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different legal regimes and pluralisms pushes a “common good” governance even when the state is uninterested, and 3) science functions as the arm of objective truth in the pursuit of longdenied justice. This chapter thus further explores the role of universal jurisdiction in reasserting the illegality of Franco’s legacy while simultaneously reaffirming international legal precedents, including the concept that crimes against humanity do not have an expiration date and that justice can be achieved in a variety of ways outside a judicial framework. The use of universal jurisdiction also fits within the changing legal regimes of transitional justice attempts. As previously mentioned, Spain was originally seen as a transition success story, one to be emulated. As time progressed, transitional politics oscillated from truth commissions to criminal prosecutions, with criminal proceedings becoming more and more emphasized by global courts (see the International Criminal Tribunal for Rwanda, the former Yugoslavia, and the establishment of the permanent International Criminal Court) (Rubin 2014, 2015). Democratic transition preferences have now solidified around the ideals of truth, reparation, and justice (Mihr 2017; Nauenberg 2015; Sikkink 2011).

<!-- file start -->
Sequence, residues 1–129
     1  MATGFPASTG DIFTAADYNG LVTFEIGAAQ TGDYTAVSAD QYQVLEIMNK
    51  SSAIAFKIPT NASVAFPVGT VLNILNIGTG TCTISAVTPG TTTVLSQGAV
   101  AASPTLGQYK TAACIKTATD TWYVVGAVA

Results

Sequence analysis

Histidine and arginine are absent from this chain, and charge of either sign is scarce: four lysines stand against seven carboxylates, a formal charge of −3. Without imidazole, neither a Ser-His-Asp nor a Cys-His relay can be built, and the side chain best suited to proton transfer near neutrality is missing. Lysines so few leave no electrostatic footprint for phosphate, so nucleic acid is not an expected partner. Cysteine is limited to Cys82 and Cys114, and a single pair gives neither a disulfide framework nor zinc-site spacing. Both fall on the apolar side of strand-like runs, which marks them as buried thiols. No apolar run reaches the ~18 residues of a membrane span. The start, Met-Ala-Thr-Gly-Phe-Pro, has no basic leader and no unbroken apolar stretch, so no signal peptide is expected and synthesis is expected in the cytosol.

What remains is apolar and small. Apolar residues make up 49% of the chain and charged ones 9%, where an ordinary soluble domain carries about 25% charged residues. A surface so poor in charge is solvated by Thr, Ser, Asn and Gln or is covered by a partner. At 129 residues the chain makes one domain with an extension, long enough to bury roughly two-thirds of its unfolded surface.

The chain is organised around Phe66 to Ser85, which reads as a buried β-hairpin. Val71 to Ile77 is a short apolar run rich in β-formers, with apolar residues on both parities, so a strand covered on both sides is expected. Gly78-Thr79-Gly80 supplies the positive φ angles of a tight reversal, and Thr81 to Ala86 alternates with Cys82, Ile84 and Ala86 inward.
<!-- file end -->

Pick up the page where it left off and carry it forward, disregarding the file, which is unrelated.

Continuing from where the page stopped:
The International Fight for Justice and the Argentine Complaint (La Querella Argentina) Spanish activists began their international court advocacy in Spanish and European courts (for an expansive view of the process from start to finish, please see fig. 5.1). Activists, initially inspired by the 2007 historical memory law, filed criminal charges so that Spanish courts would investigate the crimes of the war and the regime. This was possible because,

2007 historical memory law

Garzon investigation 2008 2009 Spanish activists petition European Court of human rights Oct 2010 Rivas and García petition Argentine Court 10/20/10 Judge Servini de Cubria asks Spain for redunancy check 05/2011 Spain claims to be investigating 03-12/2013 Judge Servini de Cubria interviews families & experts